AD449: Identity in Kenya - Tolerance and trust deficits point to opportunities for progress

Welcome to the Afrobarometer publications section. For short, topical analyses, try our briefing papers (for survey rounds 1-5) and dispatches (starting with Round 6). For longer, more technical analyses of policy issues, check our policy papers. Our working papers are full-length analytical pieces developed for publication in academic journals or books. You can also search the entire publications database by keyword(s), language, country, and/or author.

Can't find a document?

As we work to upgrade our website, occasional technical issues may cause some links to break and some documents to be temporarily unavailable. If you're unable to find a specific document, please email snkomo@afrobarometer.org

Filter content by:

Dispatches
2021
449
Winnie V. Mitullah

Identity is an important attribute of individuals and groups that influences how people see themselves and relate to others. Individuals and groups leverage many different identities as the situation demands: ethnic, linguistic, economic, national, religious, and sexual, among others.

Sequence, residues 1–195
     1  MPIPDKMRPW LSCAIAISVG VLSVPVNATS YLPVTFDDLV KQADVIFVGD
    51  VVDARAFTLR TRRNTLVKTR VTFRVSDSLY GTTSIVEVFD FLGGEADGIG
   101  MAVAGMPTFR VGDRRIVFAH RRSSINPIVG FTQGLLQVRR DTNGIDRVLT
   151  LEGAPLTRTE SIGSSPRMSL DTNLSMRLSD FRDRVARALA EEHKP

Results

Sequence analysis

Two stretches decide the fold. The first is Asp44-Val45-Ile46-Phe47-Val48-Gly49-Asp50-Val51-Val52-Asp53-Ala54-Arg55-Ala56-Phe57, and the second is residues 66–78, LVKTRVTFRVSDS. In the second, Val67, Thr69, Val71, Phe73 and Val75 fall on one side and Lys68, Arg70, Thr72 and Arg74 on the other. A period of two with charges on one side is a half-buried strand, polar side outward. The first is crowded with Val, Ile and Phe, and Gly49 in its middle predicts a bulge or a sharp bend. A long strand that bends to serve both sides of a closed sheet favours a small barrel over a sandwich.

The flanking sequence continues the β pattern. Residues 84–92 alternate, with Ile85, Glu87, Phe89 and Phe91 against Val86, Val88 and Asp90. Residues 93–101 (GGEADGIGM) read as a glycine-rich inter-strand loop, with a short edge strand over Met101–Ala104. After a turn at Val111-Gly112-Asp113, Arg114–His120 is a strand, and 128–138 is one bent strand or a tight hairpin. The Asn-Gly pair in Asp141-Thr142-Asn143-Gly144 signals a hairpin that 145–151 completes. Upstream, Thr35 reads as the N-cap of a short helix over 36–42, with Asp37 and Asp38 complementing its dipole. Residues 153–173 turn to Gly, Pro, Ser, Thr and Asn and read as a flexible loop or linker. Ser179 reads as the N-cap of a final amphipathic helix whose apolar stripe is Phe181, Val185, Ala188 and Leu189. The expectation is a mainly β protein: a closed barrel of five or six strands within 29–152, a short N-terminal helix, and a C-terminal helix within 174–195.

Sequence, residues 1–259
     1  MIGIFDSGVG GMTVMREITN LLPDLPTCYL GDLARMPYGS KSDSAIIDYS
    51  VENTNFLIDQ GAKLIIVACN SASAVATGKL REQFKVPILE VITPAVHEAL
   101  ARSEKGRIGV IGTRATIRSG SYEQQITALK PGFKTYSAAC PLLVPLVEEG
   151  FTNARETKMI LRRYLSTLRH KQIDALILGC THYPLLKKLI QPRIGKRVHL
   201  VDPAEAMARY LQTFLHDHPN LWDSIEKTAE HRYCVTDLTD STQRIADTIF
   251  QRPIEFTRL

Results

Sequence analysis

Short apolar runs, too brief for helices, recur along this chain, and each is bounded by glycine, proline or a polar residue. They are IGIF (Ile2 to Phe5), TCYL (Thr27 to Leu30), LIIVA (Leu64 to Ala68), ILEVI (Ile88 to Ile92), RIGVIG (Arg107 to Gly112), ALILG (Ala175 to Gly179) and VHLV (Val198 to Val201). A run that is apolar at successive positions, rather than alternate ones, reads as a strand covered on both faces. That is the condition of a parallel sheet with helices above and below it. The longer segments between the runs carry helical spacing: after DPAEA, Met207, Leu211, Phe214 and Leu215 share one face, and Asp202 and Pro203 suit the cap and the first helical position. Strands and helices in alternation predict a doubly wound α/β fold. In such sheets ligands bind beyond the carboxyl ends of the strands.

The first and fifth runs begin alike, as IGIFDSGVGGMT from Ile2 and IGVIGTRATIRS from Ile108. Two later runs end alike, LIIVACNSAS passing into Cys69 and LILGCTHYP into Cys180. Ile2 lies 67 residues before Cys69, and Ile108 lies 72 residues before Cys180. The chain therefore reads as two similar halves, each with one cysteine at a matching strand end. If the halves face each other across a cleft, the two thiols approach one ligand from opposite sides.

Identification with a particular group is not necessarily a problem – can indeed be both useful and enjoyable – unless identity is used to undermine the rights of those outside the group, including the right to access goods and services. In Kenya, as in many African countries, ethnicity has at times been a determinant of individuals’ access to resources. But other identities are also used to create divisions of “us” vs. “them,” including affluent vs. poor, Christian vs. Muslim, gay vs. straight, citizen vs. immigrant.

This analysis of Afrobarometer Round 8 findings shows that most Kenyans value both their national and ethnic identities and feel comfortable speaking their mother tongue and wearing traditional dress in public. Most do not experience unfair treatment based on ethnicity, religion, or economic status, but a sizeable minority do.

Most also believe there is strength in diversity, and express tolerant attitudes toward other ethnicities, religions, political views, and nationalities – but not toward different sexual identities.

And even though a majority say there is more that unites Kenyans than divides them, very few think they can trust other people.